Group of Prisoners of War at Lager Lechfeld Hospital Wing
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|Title||Group of Prisoners of War at Lager Lechfeld Hospital Wing|
|Notes||My grandfather, Private Richard Griffiths is second from the right standing. He was shot in both arms in battle in early 1918 and taken prisoner by the German Forces. |
He always remembered that the German Doctors had taken the trouble to ask him what he did in civilian life and when he had replied that he was a tailor, they had said they would do their best to take care of his hands and restore the movement and feeling to his fingers. He carried the scars of the bullet wounds throughout his life but always remembered the kindness and thoughtfulness of the German doctors.
The main camp at Lager Lechfeld was a large one with different sections for the different Allied nationalities. British prisoners were lucky compared to the Russians and Serbians, as they received occasional parcels from the British Red Cross. There was some bartering with the other allies, however. A Russian had carefully whittled a beautiful wooden box with a hinge and carved lid from a single piece of wood he had found around the camp, and he exchanged a bar of soap from his parcel for this box, which remains a family treasure to this day. Prisoners were also allowed to send home photos of themselves and the camp as postcards, and in return were allowed to keep one photo of their family.
The many hundreds of prisoners would organise concerts for themselves and the guards, and Richard, having a fine singing voice was always in demand. The guards would shout You sing, Welshie, and Taid would sing. ˜Arafa Don', ˜Elen Fwyn' and ˜Sul Y Blodau', those most affecting of Welsh tenor solos having an airing in the depths of Bavaria, before a cosmopolitan and captive audience.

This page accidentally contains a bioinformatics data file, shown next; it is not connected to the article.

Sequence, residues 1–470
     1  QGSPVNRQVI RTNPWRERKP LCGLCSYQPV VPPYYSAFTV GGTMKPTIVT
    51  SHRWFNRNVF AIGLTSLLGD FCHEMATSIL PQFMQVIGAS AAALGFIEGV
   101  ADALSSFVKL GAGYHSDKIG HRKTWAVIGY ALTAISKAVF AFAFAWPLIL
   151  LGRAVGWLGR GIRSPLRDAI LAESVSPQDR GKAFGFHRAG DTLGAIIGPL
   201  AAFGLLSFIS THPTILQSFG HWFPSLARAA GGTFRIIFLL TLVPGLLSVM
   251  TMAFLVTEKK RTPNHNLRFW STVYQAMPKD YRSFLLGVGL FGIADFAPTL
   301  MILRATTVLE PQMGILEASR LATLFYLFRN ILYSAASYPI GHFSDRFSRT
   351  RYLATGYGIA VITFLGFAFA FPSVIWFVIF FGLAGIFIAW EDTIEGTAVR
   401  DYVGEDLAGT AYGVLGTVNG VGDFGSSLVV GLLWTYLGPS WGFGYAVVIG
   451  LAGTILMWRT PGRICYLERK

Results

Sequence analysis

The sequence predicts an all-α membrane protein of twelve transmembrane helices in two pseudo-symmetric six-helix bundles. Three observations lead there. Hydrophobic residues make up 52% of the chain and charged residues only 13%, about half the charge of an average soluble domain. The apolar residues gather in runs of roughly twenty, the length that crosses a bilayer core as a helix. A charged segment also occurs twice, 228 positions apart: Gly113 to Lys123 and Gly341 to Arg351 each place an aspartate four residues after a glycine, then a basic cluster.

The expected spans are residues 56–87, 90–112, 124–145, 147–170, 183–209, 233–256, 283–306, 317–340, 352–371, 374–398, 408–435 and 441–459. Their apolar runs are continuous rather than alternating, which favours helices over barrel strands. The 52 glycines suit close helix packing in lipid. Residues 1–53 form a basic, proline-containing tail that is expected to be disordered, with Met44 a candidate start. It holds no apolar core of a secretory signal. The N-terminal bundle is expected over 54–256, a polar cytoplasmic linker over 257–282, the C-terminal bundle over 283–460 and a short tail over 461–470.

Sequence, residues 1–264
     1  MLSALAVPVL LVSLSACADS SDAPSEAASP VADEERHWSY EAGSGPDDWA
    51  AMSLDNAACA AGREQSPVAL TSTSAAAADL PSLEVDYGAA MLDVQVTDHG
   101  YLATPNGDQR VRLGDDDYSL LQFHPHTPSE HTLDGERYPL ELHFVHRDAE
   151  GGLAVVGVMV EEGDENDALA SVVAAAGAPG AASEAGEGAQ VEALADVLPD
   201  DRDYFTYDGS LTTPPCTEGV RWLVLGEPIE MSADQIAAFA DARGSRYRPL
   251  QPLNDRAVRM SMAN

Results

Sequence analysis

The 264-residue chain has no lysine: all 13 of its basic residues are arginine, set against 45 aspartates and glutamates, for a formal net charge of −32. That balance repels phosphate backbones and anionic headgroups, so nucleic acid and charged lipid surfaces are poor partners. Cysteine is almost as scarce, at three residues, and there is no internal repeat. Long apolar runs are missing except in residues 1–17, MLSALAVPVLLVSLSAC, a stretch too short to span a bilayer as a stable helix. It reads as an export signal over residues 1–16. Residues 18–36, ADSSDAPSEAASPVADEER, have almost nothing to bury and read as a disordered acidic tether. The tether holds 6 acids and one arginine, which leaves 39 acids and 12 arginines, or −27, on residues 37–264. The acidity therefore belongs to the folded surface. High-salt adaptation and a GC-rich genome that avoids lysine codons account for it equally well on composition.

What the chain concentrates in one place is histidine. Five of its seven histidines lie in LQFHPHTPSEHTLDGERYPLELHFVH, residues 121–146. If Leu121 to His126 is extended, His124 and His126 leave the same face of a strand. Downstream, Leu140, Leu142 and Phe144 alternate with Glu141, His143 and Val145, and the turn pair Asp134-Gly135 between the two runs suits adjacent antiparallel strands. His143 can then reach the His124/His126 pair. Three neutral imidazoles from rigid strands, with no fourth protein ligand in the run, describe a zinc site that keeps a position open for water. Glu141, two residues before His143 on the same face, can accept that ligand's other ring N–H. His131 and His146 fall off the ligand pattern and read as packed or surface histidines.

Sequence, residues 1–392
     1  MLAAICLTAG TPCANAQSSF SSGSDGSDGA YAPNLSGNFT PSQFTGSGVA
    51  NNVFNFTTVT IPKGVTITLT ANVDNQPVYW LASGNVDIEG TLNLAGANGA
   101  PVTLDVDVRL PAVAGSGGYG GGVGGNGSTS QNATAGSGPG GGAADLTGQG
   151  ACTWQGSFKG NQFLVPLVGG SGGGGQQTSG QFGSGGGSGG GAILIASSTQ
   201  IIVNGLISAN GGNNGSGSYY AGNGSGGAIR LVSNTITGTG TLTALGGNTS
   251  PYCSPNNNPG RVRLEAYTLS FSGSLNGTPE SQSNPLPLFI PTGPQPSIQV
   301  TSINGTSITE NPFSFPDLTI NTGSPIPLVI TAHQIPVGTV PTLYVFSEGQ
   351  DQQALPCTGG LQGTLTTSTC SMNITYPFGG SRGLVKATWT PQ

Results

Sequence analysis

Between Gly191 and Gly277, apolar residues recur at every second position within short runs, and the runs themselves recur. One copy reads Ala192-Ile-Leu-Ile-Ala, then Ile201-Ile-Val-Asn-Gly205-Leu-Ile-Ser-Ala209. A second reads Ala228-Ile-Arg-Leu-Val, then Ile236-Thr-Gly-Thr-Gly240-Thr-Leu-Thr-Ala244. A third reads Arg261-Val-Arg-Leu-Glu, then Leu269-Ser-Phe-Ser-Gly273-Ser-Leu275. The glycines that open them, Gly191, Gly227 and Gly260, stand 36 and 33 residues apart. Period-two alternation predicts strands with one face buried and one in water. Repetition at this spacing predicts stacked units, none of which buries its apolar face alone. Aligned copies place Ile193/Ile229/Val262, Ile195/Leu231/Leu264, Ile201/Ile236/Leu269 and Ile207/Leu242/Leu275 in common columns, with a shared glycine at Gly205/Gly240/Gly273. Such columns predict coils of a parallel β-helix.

Private Richard Griffiths 41122 (3rd Battalion Royal Welsh Fusiliers) was repatriated at the end of the war and finally demobbed and transferred to the reserves with two blue chevrons (signifying two years Overseas Service) and one wound stripe on 11 April 1919. His two brothers Ellis and Arthur also returned safely to Liverpool.
However, he was to feel the effects of war again in 1940, when, having established a busy and successful Tailor's shop on North John Street, Liverpool, this received a direct hit during the blitz “ not getting proper compensation from the Board of Trade, he started again from scratch at over 60 years of age.
He lived until the age of 86, a tolerant, intelligent, hardworking and gentle man, loved and respected by everyone who knew him.
Photograph of a group in the hospital uniform worn in Prisoner of War camps.
|Creation place||Lager Lechfeld, Germany|
|Item medium||Photographic paper|
|Copyright||The Great War Archive, University of Oxford / Primary Contributor|
|Digital repository||The Great War Archive, University of Oxford|
|Contributor Name||Kate Lindsay (Caernarfon Submission Day 8th May 2008)|
|Contributed on the behalf of||Mairwen Haldane|